The effect on locomotor activity, the repellency, and the knock-down produced by 10 monoterpene alcohols were evaluated on first-instar nymphs of Rhodnius prolixus and Triatoma infestans, vectors of Chagas disease. A video tracking technique was used to evaluate locomotor activity and repellency by exposure to papers impregnated with monoterpenes. Eugenol on R. prolixus and (S)-cis-verbenol on T. infestans did not modify the locomotor activity. The remaining monoterpenes produced hyperactivity on both species, although the concentration required was at least a 1,000 times higher than that of deltamethrin (positive control). Carvacrol, eugenol, and geraniol resulted as repellent as N,N-diethyl-m-toluamide (positive control) for both species. A similar result was observed for almost every monoterpene on T. infestans. Knock-down effect was evaluated by exposing the nymphs in closed recipients. The order of increasing toxicity on R. prolixus was (KT50 values in min): geraniol (213.7) < α-terpineol (164.5) < linalool (124.2) < carvacrol (111.6) < eugenol (89.8) < thymol (78.9), and on T. infestans: α-terpineol (289.8) < eugenol (221.3) < carvacrol (164.2) < linalool (154.9) < thymol (96.7). All monoterpenes were less toxic than the positive control, dichlorvos (3.6 min for R. prolixus and 3.9 min for T. infestans). After 7 h of exposure, (-)-carveol, citronellol, and menthol (on both species) and geraniol (on T. infestans) produced <50% of knock-down. After these results, it is worthwhile to explore more deeply the potential of these compounds as tools for controlling Chagas disease vectors.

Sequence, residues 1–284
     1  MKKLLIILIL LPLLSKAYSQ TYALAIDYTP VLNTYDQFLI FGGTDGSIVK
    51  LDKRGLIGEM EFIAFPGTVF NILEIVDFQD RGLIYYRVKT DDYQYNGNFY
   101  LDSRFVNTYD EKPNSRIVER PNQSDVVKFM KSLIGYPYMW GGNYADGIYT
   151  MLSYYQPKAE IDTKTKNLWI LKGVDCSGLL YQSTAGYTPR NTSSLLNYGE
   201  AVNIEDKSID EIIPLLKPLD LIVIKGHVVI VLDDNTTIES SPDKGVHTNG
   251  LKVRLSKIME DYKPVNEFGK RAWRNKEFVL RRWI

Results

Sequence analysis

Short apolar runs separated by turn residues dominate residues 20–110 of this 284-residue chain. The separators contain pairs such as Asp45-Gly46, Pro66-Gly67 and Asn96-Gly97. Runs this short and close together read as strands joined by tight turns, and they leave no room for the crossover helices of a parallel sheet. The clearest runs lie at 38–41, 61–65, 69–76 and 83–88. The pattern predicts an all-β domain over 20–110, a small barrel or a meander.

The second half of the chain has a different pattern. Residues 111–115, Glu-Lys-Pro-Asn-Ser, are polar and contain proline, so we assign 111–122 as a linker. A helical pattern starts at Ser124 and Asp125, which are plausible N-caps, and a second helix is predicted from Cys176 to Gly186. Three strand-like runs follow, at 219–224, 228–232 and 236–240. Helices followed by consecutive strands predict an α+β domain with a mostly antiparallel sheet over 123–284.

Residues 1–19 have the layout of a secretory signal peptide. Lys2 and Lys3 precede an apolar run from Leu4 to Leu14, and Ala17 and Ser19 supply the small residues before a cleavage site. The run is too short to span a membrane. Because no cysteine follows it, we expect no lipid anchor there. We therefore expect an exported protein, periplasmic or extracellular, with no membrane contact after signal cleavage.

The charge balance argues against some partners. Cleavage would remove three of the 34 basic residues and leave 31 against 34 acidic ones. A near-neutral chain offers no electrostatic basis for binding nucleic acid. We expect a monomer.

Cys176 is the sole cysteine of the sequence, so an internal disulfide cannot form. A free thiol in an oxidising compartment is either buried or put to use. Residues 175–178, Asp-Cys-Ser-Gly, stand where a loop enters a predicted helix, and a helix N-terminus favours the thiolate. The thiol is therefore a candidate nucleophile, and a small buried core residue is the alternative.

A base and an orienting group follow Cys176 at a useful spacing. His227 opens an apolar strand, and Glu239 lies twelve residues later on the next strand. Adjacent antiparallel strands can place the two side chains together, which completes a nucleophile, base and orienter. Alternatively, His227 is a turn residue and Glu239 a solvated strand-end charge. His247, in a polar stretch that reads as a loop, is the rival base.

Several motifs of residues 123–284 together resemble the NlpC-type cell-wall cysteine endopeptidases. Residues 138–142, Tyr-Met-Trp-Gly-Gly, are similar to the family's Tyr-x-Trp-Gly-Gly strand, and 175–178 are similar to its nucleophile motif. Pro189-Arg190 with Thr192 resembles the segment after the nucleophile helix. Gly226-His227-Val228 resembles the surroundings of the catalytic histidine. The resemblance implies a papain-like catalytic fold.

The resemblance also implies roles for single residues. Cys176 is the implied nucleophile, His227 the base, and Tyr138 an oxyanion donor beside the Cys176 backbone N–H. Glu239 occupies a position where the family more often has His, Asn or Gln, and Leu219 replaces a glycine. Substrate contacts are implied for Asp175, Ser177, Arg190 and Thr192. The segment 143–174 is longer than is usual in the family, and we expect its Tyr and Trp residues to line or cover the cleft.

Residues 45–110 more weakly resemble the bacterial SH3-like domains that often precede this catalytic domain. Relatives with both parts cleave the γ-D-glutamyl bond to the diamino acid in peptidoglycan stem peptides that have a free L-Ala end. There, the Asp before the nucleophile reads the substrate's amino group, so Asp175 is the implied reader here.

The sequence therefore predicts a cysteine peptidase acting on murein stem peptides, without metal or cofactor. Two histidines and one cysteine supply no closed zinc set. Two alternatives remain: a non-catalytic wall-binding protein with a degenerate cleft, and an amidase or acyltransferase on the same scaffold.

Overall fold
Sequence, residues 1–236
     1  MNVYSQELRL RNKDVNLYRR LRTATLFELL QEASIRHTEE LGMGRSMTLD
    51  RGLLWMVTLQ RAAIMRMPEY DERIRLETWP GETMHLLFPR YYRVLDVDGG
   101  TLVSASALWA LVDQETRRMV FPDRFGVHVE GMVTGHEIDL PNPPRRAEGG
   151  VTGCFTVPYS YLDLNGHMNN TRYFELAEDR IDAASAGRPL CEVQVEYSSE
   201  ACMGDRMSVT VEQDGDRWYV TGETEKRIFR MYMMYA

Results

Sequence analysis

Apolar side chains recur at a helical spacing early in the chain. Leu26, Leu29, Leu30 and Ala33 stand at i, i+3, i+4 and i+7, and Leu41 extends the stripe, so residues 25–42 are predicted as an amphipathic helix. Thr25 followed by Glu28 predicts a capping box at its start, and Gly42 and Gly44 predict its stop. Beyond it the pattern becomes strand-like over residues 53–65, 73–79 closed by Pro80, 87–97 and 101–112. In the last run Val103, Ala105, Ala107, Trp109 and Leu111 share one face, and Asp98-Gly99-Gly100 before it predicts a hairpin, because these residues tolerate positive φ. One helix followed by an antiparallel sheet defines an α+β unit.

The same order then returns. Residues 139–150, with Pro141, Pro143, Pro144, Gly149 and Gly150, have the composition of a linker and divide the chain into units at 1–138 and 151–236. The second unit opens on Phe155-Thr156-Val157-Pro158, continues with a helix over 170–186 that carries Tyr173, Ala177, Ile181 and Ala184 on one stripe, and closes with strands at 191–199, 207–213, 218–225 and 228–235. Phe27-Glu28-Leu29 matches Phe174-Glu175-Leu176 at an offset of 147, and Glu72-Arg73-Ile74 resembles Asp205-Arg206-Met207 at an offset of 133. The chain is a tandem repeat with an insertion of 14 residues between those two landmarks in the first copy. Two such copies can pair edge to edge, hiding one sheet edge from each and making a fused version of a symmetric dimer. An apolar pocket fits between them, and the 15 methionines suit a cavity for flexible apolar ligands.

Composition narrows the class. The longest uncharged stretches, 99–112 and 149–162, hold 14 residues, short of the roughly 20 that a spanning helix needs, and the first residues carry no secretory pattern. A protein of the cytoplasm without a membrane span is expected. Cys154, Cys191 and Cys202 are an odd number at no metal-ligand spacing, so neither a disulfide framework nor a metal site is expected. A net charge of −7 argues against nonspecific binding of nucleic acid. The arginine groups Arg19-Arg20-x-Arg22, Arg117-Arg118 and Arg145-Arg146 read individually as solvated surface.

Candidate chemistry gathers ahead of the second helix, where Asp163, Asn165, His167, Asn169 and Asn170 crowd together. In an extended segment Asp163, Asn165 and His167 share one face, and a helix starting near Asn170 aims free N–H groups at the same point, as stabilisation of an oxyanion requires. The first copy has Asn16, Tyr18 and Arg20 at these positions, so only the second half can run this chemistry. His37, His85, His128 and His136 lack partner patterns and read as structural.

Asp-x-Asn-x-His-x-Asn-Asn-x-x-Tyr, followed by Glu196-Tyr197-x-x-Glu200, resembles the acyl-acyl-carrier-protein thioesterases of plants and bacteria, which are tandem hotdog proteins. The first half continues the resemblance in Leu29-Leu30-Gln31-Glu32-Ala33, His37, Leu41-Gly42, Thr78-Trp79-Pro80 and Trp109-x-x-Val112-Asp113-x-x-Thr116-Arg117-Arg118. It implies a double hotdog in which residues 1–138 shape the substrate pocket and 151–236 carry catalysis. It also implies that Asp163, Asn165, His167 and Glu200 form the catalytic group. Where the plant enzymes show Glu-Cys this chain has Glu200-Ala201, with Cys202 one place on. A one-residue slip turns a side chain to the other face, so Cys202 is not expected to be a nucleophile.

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Vol. 50 • No. 5